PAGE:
By Aristophanes (450-388 BC)
A Study Guide
Guide Prepared by Michael J. Cummings...© 2012
.......The Frogs is a stage comedy that satirizes the quality of Athenian tragic drama in 405 BC, the year after the last of the three greatest Greek tragedians, Euripides, died. The other two, Sophocles and Aeschylus, had preceded him in death.
.......Aristophanes staged The Frogs in 405 BC at winter and spring festivals.
.......The action takes place at the abode of Heracles, then on the road to Hades, and finally in Hades itself.
Dionysus: Greek god of drama, wine, and revelry. He plans to bring a dead playwright back from the Underworld to restore quality to Greek drama and show beleaguered Athens how to become great again.
Xanthias: Wise-cracking slave of Dionysus.
Heracles: Greek strongman who tells Dionysus and Xanthias how to get to the Underworld. Heracles (known to the Romans as Hercules) once went there himself to capture Cerberus, a three-headed dog, as one of his twelve labors.
Euripides: Recently deceased Greek playwright.
Aeschylus: Reigning lord of drama in the Underworld.
Sophocles: Another of the deceased playwrights. He was the author of Oedipus Rex and Antigone, two of the most popular and revered of all Greek plays.
Charon: Boatman who ferries the dead across a river to the entrance of the Underworld.
Hades: God of the Underworld. The Underworld is also known as Hades.
Aeacus: Doorman in Hades.
Assistants of Aeacus
Maidservant: Attendant of Persophone, the goddess of the Underworld.
Hostess: Woman who hosts and manages the eatery in the Underworld.
Plathane: Servant in the Underworld who works with the hostess.
Corpse: Dead man in the Underworld. Dionysus asks him to carry his baggage. The dead man refuses because Dionysus does not offer him a big enough tip.
Chorus of Frogs
Chorus of Mystics
.......As a comedy, the play is lighthearted and mischievous in tone. Episodes of slapstick and humorous wordplay are first rate.
.......At the time that Aristophanes staged the play, Athens was losing the Peloponnesian War (431-404 BC) to Sparta. A year later (404 BC), Athens surrendered after the destruction of its naval fleet. Aristophanes attributed the decline of Athens to ineffective leadership, weakened freedom of speech, the bellicosity of the Athenian empire, and rejection of traditional values. In earlier times, Aristophanes says, the great playwrights Sophocles, Aeschylus, and Euripides wrote and staged tragedies that called attention to the failings of society and showed the people how to turn these failings into successes. But these playwrights were all dead by 406 BC. Thus he had his idea for The Frogs: to go to Hades to bring back to earth a playwright who will save Athens with the wisdom he imparts in his tragedies.Plot Summary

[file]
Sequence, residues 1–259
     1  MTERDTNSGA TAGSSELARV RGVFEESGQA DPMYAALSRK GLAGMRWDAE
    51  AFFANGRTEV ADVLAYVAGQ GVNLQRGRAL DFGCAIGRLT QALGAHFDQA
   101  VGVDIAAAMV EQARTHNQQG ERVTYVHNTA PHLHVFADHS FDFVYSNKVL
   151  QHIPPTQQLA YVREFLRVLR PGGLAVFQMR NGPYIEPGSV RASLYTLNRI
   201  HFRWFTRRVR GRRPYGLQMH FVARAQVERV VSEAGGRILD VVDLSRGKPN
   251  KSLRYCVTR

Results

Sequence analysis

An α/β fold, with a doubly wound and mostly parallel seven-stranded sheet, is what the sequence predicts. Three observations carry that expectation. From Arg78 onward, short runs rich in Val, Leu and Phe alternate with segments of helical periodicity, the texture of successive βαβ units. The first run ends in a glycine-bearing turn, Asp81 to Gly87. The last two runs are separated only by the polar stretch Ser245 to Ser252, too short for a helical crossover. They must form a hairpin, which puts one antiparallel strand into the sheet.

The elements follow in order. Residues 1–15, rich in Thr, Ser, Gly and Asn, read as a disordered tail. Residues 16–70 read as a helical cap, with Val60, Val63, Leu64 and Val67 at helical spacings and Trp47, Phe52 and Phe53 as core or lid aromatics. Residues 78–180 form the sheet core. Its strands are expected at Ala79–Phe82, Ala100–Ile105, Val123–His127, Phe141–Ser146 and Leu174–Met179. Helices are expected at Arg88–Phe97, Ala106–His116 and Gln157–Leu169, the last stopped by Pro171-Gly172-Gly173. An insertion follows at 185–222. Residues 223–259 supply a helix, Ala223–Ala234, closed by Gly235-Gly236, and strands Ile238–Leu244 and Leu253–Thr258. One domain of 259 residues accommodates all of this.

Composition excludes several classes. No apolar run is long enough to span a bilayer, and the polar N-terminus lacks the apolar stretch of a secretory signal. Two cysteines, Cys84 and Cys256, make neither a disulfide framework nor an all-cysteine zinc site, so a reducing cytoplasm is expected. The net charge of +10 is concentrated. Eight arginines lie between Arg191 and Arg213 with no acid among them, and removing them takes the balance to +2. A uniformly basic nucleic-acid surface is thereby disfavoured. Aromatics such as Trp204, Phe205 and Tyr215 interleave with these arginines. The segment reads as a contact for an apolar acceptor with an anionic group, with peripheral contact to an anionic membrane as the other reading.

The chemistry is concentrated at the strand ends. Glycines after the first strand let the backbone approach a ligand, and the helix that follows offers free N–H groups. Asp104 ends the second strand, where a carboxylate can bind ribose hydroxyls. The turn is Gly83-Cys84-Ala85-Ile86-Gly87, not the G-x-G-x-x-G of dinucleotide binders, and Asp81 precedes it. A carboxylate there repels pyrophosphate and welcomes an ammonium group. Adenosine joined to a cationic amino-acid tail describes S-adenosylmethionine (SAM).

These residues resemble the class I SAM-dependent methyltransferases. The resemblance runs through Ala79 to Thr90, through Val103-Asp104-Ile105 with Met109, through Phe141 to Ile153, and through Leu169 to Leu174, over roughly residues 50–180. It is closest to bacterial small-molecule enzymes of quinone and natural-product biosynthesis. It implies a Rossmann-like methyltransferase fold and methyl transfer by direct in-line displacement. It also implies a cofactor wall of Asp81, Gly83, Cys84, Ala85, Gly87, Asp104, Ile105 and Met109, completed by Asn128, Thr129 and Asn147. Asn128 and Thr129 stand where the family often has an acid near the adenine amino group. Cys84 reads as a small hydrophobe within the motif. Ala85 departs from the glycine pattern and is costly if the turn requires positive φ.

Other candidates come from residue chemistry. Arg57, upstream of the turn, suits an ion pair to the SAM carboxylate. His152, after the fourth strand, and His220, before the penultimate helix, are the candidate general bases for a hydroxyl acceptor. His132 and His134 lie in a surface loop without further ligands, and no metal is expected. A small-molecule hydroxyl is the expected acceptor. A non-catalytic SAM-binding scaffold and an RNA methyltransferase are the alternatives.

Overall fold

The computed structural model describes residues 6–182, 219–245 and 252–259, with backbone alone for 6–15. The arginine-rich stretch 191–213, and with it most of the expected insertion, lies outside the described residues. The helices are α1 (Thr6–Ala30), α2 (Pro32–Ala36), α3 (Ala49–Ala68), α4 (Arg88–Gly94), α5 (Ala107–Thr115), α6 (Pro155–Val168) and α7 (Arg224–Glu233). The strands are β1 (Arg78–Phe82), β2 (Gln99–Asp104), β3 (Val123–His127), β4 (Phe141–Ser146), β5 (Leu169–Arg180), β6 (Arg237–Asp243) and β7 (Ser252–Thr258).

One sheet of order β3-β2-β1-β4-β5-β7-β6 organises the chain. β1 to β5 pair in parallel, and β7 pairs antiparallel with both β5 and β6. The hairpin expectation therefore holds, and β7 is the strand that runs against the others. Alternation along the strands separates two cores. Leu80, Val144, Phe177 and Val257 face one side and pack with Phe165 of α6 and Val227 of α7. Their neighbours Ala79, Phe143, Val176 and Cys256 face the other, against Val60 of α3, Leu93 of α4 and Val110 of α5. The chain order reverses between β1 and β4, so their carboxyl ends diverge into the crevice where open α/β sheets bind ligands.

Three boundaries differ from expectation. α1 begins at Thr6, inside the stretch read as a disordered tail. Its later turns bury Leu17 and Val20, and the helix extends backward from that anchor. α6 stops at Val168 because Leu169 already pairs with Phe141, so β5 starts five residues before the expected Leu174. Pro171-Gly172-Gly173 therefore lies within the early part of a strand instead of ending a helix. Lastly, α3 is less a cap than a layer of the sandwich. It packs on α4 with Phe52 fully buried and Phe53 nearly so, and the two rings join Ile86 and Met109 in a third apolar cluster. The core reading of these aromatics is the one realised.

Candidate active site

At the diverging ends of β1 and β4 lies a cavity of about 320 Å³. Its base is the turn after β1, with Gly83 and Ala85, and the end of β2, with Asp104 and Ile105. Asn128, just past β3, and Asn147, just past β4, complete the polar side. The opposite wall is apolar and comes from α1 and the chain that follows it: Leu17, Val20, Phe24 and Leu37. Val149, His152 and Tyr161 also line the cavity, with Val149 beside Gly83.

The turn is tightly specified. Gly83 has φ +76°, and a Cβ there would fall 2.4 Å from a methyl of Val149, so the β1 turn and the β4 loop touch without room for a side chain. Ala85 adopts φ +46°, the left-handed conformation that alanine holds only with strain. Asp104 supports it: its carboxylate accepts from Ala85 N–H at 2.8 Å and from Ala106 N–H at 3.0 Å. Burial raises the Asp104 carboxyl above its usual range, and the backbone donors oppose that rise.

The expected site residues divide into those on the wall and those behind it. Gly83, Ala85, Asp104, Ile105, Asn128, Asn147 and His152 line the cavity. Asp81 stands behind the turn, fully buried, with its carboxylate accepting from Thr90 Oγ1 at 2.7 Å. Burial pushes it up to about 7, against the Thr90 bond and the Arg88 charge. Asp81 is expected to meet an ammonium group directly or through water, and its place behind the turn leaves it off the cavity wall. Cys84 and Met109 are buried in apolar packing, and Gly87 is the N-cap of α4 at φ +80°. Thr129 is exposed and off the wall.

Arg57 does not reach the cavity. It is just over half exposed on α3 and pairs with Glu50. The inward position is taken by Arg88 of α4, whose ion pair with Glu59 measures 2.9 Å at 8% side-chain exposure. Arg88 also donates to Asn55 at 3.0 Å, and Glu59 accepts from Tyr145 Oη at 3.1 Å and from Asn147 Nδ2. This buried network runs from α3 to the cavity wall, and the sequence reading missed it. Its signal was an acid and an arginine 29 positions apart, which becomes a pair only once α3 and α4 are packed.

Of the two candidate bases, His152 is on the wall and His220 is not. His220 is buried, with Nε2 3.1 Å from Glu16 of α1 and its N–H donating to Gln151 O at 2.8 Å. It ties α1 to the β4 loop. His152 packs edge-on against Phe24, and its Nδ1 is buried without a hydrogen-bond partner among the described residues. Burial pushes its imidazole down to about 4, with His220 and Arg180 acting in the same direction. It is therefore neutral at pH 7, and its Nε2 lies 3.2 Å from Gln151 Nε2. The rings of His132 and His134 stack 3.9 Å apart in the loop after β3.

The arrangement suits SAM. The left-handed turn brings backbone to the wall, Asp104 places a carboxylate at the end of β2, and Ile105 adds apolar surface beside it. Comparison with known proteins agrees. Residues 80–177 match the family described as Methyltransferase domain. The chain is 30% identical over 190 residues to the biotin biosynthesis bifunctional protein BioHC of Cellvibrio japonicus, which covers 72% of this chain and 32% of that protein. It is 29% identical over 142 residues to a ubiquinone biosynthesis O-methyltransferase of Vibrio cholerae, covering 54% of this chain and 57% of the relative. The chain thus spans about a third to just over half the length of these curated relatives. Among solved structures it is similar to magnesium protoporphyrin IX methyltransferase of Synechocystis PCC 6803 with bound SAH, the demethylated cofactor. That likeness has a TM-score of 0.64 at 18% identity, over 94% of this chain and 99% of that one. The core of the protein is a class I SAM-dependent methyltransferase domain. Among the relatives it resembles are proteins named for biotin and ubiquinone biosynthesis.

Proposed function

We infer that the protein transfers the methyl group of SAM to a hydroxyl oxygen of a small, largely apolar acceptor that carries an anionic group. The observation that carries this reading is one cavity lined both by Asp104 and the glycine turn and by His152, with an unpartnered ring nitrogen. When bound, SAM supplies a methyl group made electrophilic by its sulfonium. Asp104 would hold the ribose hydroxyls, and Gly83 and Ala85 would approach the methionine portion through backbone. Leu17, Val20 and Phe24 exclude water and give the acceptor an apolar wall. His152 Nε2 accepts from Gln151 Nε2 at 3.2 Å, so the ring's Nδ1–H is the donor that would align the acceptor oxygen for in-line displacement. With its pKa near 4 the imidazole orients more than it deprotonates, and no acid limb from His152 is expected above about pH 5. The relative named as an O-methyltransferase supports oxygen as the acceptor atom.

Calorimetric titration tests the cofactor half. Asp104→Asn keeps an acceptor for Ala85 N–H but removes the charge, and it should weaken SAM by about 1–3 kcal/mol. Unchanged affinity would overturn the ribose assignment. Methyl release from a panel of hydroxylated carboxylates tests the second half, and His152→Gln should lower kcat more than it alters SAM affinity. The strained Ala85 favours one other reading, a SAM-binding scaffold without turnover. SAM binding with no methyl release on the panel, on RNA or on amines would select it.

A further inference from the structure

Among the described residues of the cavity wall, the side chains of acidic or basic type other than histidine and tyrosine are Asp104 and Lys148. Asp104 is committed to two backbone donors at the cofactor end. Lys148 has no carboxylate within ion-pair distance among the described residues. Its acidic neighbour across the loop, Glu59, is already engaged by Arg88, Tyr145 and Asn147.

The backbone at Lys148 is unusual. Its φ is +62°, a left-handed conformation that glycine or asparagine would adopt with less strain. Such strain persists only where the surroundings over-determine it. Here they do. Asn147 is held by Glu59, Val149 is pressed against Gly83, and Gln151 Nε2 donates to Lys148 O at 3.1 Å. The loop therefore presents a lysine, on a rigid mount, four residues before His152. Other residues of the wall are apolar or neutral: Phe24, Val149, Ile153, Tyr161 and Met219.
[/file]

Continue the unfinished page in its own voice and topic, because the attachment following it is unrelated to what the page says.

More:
.......The god Dionysus bemoans the mediocrity of tragic plays that Greek authors have been staging lately. These plays cannot compare to those of the deceased tragedian Euripides. But what if Dionysus could bring Euripides back from the dead? Dionysus—the god of stage drama, as well as wine and revelry—decides to go to Hades to attempt the feat. Accompanying him is his trusty slave, Xanthias.
.......First, they stop to see Heracles to get directions. Heracles had once visited the infernal regions to capture Cerberus, the three-headed dog that stands guard at the entrance to Hades. On their way to the house of Heracles, Xanthias complains that the pack he bears on his shoulders is getting too heavy for him even though he is riding on a donkey. To lighten his burden a little, he wants to crack jokes that pack bearers speak in the plays of certain dramatists. But Dionysus doesn't like the jokes and won't let Xanthias tell them. Besides, Dionysus says, it is impossible for Xanthias to be tired from bearing a burden when it is the donkey that is doing all the carrying.
.......When they arrive at the abode of Heracles, the great strongman laughs at the getup of Dionysus. In imitation of Heracles, the foppish god is wearing a lion skin and carrying a club. Dionysus tells Heracles that while reading Euripides's Andromeda, he felt a nostalgic pang—a longing for the dramas of the dead playwright. There is no one left quite like him. When Heracles notes that Iophon is still alive, Dionysus acknowledges that Iophon--the son of Sophocles--is a worthy writer. But even he does not quite measure up to Euripides. (In dramatic competition in 428 BC, Euripides won the first prize and Iophon the second). After they discuss other writers, Dionysus asks Heracles about the trip he made to the Underworld. Dionysus wants to know what friends Heracles stayed with along the way and asks him to recommend shops, rest stops, restaurants, and lodging places with the fewest bugs.
.......When Dionysus asks Heracles which is the quickest route to the Underworld, Heracles tells him he could hang or poison himself, or he could jump off a mountain. Dionysus rejects these measures and inquires how Heracles reached the Underworld. Heracles then gives directions, telling Dionysus about a lake he must cross, the snakes and monsters that line the passageways, and the seas of dung that he will encounter.